How to Prepare Prisoners for Reentry into Society

The successful transformation and reintegration of former convicts into society should be the goal of any criminal justice system. But before any attempt can be made to effectively prepare prisoners for reentry into society, it is essential to understand their predicament, and the challenges they are likely to face upon release from prison. According to the Bureau of Justice Statistics, more than 600,000 individuals get released from prison every year, and 75% of them are re-incarcerated within 5 years. Individuals released from prison receive inadequate resources and assistance and minimal preparation, making their reentry into society challenging. A criminal conviction limits public housing assistance, social services, and employment prospects. Even minor criminal records may create significant barriers and collateral consequences. It is essential to reinvent the current criminal justice system to change the focus from the reincarceration of former inmates to successful reentry into society. Socioeconomic factors play a central role in influencing re-entry outcomes.

A major challenge that ex-convicts face is re-entry into the labor market. Released individuals have a difficult time finding and maintaining employment after re-entry because firms are reluctant to hire individuals with criminal records. In addition to a criminal record, a lack of employment history, limited education, and the stigma of incarceration contribute to limited opportunities for employment. Most states allow firms to deny employment opportunities to people who were previously arrested, even if they were never convicted of a crime. More often than not, the only employment opportunities available to released prisoners are low-skill jobs in the manufacturing industry, maintenance, wholesale, or food service. These employment opportunities offer little benefits and few to no advancement opportunities. Furthermore, ex-convicts who manage to find jobs are offered lower wages than they earned prior to their conviction. Previously convicted individuals also experience barriers in the private and public job sectors because they are unable to obtain technical and professional licenses. When limited resources and legal employment opportunities are available, people who are re-entering their societies are more likely to re-offend.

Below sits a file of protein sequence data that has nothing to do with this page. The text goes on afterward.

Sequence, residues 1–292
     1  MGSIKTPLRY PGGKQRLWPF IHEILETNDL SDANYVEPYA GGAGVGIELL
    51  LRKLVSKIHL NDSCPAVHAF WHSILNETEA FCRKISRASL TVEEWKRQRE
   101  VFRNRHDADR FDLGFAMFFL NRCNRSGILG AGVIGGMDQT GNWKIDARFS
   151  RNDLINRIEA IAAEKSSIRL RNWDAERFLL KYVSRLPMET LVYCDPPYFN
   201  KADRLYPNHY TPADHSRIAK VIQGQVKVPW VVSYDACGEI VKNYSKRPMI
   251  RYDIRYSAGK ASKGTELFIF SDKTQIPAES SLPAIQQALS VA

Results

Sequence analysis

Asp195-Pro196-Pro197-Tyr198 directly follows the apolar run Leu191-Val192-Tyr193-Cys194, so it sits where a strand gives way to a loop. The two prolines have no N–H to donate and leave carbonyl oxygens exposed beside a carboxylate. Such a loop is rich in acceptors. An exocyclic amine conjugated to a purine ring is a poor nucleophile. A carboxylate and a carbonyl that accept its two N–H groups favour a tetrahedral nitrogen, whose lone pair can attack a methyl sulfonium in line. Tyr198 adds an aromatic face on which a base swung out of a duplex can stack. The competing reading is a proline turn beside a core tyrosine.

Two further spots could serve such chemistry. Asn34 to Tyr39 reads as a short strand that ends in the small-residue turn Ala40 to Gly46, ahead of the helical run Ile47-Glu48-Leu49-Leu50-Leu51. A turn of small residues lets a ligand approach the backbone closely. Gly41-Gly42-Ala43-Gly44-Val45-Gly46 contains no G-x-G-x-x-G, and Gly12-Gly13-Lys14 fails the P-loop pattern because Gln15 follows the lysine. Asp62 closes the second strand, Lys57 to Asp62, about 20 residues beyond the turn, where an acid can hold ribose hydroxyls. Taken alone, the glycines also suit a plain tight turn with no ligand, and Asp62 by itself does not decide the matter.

Individuals re-entering society also face challenges in finding and securing housing. Residential instability is a high-risk factor which may lead to homelessness for re-entering individuals. When most people are released from prison, they have little to no money for securing an apartment. In addition, strict housing policies limit housing opportunities for these individuals. Presently, private market rental housing associations have issued policy guidance restricting the renting of houses to individuals with a criminal record. Also, individuals with a former felony or drug conviction are not eligible for public housing. Studies have shown that the first month after being released from prison is a vulnerable time during which the risk of recidivism and homelessness is high. In fact, without stable housing re-entering individuals are more likely to be arrested. Making housing opportunities affordable and creating lenient housing policies can smoothen an individual’s re-entry back into their society and is a crucial factor in preventing recidivism.